Rheumatoid arthritis (RA) is a chronic polyarthritis of unknown etiology. To unravel the molecular mechanisms in RA, we performed targeted DNA sequencing analysis of patients with RA. This analysis identified a variant of the death receptor 3 (DR3) gene, a member of the family of apoptosis-inducing Fas genes, which contains four single-nucleotide polymorphisms (SNPs) and a 14-nucleotide deletion within exon 5 and intron 5. We found that the deletion causes the binding of splicing regulatory proteins to DR3 pre-mRNA intron 5, resulting in a portion of intron 5 becoming part of the coding sequence, thereby generating a premature stop codon. We also found that this truncated DR3 protein product lacks the death domain and forms a heterotrimer complex with wildtype DR3 that dominant-negatively inhibits ligand-induced apoptosis in lymphocytes. Myelocytes from transgenic mice expressing the human DR3 variant produced soluble truncated DR3, forming a complex with TNF-like ligand 1A (TL1A), which inhibited apoptosis induction. In summary, our results reveal that a DR3 splice variant that interferes with ligand-induced T cell responses and apoptosis may contribute to RA pathogenesis.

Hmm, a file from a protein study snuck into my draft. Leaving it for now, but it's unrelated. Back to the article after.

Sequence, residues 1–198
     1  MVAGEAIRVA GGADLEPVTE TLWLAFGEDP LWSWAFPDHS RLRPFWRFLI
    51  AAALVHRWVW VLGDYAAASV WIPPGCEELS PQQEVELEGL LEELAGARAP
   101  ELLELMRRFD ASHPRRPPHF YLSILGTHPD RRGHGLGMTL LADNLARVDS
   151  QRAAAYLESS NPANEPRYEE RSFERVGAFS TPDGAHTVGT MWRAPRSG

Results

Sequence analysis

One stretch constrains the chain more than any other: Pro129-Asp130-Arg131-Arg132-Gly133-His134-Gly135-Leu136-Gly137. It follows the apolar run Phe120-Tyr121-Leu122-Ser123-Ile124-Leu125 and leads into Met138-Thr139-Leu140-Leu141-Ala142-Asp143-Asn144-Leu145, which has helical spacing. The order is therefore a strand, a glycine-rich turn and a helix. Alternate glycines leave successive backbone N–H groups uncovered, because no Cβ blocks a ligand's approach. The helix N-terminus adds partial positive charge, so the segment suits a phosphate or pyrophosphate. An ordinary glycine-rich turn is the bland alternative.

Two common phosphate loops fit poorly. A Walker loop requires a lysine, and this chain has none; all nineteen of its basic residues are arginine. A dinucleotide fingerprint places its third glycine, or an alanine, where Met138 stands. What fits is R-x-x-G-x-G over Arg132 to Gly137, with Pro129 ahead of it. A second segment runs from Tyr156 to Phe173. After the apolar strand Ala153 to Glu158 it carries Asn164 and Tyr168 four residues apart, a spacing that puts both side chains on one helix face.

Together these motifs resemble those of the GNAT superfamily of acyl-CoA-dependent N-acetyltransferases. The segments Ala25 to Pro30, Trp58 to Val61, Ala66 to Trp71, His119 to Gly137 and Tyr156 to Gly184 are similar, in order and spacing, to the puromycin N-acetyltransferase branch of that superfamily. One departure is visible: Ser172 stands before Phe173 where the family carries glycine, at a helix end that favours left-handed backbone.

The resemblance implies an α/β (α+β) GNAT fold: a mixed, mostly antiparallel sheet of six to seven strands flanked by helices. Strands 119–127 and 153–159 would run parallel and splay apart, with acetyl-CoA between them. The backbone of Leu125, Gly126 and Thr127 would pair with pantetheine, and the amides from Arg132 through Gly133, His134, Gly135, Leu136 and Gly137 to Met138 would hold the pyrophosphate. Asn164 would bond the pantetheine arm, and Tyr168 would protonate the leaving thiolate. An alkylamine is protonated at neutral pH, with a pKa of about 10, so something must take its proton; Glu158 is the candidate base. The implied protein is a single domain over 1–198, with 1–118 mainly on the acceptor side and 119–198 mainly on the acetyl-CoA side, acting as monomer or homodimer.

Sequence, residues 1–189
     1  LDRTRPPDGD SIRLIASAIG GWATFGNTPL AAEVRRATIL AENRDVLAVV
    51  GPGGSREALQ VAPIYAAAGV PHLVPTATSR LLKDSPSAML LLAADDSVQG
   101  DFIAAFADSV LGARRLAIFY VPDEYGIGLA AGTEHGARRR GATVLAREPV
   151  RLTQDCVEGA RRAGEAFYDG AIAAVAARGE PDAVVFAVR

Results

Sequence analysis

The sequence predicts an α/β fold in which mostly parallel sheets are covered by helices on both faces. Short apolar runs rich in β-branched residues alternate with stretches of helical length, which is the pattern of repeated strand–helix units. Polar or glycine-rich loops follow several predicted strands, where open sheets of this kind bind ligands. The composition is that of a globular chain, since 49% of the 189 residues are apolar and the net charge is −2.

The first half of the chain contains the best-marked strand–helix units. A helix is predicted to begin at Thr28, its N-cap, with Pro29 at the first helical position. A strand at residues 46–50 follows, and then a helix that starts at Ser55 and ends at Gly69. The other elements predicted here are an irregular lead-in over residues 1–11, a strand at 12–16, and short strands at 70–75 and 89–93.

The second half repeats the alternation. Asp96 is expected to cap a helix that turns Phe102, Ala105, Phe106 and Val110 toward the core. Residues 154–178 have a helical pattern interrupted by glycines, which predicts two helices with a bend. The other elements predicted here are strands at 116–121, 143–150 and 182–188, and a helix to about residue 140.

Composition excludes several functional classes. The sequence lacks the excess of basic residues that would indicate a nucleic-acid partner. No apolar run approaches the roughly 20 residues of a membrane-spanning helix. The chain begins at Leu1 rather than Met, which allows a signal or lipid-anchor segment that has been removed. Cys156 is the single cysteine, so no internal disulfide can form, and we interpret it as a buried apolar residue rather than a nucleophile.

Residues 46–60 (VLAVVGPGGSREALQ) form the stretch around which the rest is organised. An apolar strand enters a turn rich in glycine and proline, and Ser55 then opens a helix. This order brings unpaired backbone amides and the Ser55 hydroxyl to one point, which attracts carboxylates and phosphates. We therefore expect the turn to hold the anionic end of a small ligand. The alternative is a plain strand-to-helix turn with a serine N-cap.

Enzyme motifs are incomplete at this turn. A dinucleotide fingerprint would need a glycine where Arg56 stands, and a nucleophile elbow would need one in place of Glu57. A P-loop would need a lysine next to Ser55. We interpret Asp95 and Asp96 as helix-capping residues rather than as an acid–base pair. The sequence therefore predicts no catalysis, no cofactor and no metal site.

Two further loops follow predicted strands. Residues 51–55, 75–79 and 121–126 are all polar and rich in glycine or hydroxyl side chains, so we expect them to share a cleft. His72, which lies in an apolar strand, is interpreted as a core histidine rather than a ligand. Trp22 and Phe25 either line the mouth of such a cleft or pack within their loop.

Keywords: apoptosis; arthritis; caspase; death domain; lymphocyte.
© 2018 by The American Society for Biochemistry and Molecular Biology, Inc.